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CSC 395 – Software Engineering. Prof. Matthew Hertz WTC 207D / 888-2436 [email protected] My Background. Contracted to write software for 2-d FTIR ChemIcon 9/1994 – 6/1995 Windows Software Development Marathon Multimedia 10/1996 – 6/1997

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Csc 395 software engineering l.jpg

CSC 395 –Software Engineering

Prof. Matthew Hertz

WTC 207D / 888-2436

[email protected]


My background l.jpg
My Background

  • Contracted to write software for 2-d FTIRChemIcon 9/1994 – 6/1995

  • Windows Software DevelopmentMarathon Multimedia 10/1996 – 6/1997

  • Analyst, Continuous Improvement Team Accenture 6/1997-12/1997

  • Software Engineer & Firmware DeveloperViA Computers 1/1998 - 8/1999

  • Contracted to rewrite web-based problem trackerGuardian Info 9/2003 - 1/2005


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Objectives Met in CSC395

  • Design computational solutions

    • Specify, design, implement, and test a program of at least 1000 lines

    • Design and implement a simple GUI

    • Decompose a problem into logically grouped subprograms

    • Use design tools such as Visio, UML, etc.

  • Program well

    • Debug a program

    • Document a program

    • Write and use a test plan

    • Maintain a program across entire software lifecycle

  • Organize data for effective use

    • Use fundamental data structures

  • Understand the role of computing and the computer professional

    • Present or explain ideas both in writing and verbally

    • Weigh different solutions and explain or argue why one was preferable

    • Learn new technologies on your own

    • Meeting minimum standards for professionalism and decorum

    • Know ethical & legal issues and responsibilities in computing

    • Understand the social impact of computers

    • Work in teams


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High-level Objectives

  • Have fun

  • Learn skills needed for a successful computer professional

  • Improve via thorough understanding of software development process


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Warning

  • Class is A LOT OF WORK

    • Is a sort-of capstone for the major

    • One class that focuses on real world

    • Can resemble a “Death March” if not kept up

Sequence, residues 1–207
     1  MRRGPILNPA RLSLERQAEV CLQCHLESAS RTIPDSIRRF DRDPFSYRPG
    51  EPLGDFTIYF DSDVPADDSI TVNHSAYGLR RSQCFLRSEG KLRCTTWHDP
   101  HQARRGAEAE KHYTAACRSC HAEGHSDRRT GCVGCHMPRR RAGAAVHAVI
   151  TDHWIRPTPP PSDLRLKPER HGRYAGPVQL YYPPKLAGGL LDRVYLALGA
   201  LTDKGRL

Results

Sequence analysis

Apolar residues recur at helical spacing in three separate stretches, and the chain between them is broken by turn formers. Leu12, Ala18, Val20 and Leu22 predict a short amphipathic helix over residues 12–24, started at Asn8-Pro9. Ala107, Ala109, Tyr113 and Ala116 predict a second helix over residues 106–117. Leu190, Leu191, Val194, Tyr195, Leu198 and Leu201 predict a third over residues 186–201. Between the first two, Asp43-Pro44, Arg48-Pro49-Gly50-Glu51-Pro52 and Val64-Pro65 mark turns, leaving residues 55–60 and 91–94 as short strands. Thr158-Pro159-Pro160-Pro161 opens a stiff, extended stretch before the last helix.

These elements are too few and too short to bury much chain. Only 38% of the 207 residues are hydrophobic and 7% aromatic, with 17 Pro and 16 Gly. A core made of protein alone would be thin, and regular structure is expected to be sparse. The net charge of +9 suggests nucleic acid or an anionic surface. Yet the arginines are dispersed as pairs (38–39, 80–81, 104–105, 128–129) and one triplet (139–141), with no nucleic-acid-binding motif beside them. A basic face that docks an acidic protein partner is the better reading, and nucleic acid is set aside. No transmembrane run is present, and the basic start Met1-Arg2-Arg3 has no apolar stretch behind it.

• Cannot do much about the amount of material

    • Very important to learn & understand

    • Skills require practice and repetition

  • Try keeping things fun & interesting


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Expectations of Me

  • Lectures are prepared and organized

  • Give interesting, thoughtful, & fun problems

  • Be (reasonably) available to answer questions

  • Be honest and forthright


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Teaching Style

  • Value reasoning over an answer

    • Class is about learning processes not facts

    • HIGHLY unlikely will face identical question again

    • Mastery means being able to explain how & why

  • Class participation is vital

    • Lectures get stale and boring very quickly

    • Need you to talk so I can clear up questions


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Adult Learning Methodology

  • Students read material before class

  • Begin class with opportunity to ask questions

  • Lecture explains key topics & ideas

    • Too much material to lecture on everything

    • Provides 2nd opportunity to see material

    • Try limiting number of long, boring lectures

  • When possible, end class with problems

    • Gives you chance to see if you really understand

    • Not really graded, so mistakes are not penalized


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Expectations of You

  • Work hard

  • Conduct yourself as a professional

  • Ask for help whenever you need it

  • Let me know what you are thinking

    • Will adapt methods if it would help students learn

    • Cannot change before I understand problem


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Professional Conduct

  • Class about how things done in real world

  • Your behavior should reflect real-world focus

    • Happily, we are looking at tech industry

  • Be aware of what you say and how you act

    • Teasing and jokes can still cause hurt feelings

  • Some topics always off-limits in workplace

  • Be thoughtful and reasonable